The core WB-MRI protocol when used alone is designed for bone and lymph node metastasis detection (should be completed within 30 min of table time; Fig. 1). More comprehensive assessments (core plus extensions) should be used for patients with established metastatic including visceral disease. Depending on the sequences used, comprehensive assessments can be completed within 45–50 min of table time (Fig. 2).

The core WB-MRI protocol is adequate for the detection of metastatic disease in the setting of biochemical recurrence after primary therapy, or in the setting of M0-CRPC, when the aim is to detect the onset of metastatic disease. Comprehensive assessments are recommended for known metastatic disease and for those patients in whom serial tumour response assessments (including clinical trials) are planned (see Supplementary data for clinical indications for WB-MRI and respective protocol suggestions).

3.2. Clinical information

The following information should be available to radiologists at the time of reporting: tumour histology (and reclassifications of histology) and clinical indication(s) for performing the study.

In patients with known relapsed prostate cancer, the relevant clinical state of patients including whether castrate naive or castrate resistant, symptom sites, and descriptions of the known anatomic distribution of the disease (local, nodal, or distant) should be indicated.

Prostate-specific antigen (PSA) levels should be known and in the setting of M0-CRPC, the PSA-doubling time (PSADT) should be indicated as needed, because short PSADT is strongly associated with a higher likelihood of metastasis development and progression.

Prior and ongoing therapies received including details of the treatment for the primary tumour, radiotherapy locations, and surgical interventions, should be known. All current hormonal and chemotherapy medications should also be specified (eg, radiologists may not be aware that antiandrogens are almost never stopped when treatments are changed, or that steroid supplementation and steroid switching is part of abiraterone therapy, which alters bone marrow fat composition and causes osteoporosis). Supportive medications including steroids, blood transfusion, and the use of bone marrow growth factors, should also be indicated as they too affect image appearances.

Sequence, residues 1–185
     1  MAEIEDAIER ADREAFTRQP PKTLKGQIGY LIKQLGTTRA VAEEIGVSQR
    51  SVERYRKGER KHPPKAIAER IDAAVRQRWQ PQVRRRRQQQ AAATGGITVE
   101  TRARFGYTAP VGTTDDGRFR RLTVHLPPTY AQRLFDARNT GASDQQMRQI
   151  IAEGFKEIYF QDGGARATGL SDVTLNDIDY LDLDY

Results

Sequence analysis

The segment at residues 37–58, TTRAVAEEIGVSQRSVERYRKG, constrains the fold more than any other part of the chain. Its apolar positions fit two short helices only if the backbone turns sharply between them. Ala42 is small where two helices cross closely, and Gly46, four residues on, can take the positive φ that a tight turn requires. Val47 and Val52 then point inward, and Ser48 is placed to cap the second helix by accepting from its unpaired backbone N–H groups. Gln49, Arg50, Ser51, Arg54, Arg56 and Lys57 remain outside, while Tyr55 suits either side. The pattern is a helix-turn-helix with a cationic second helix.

3.3. Assessing WB-MRI images

Multi-sequence evaluations should be undertaken of all diffusion weighted (DW)-MR images (low b-value, intermediate [if obtained] and high b-values, and apparent diffusion coefficient [ADC] maps) in conjunction with the anatomical and relative F% images, using image linking and scrolling workstation facilities and coregistration tools as diagnostic aids (Fig. 2).

Radial maximum intensity projections of high b-value images displayed using the inverted scale are useful for global tumour volume assessments and for localising regional tumour distribution. These images are able to display disease within the soft tissues of the pelvis, lymph-nodes, and distant bone metastases. Maximum intensity projections images should not be used alone for disease assessments because false positive and false negative can occur (vide infra).

The evaluation of source b800–1000 value images of DW-MRI sequences is based on comparing high b-value image intensity to adjacent muscle signal intensity, but assessments of ADC maps is numeric (unit: × 10−3mm2/s or μm2/s).

The definitions for hypointense and hyperintense signal on b800–1000 value images remains subjective but can be gauged by using adjacent muscle as the reference background tissue [18] and [19].

It must be borne in mind that not all hyperintense bone lesions on high b-value images are malignant in nature. Causes for apparent high b-value false-positive focal bone lesions include bone marrow oedema caused by fractures, osteoarthritis, infection, bone infarcts, vertebral haemangiomas, and isolated bone marrow islands [20].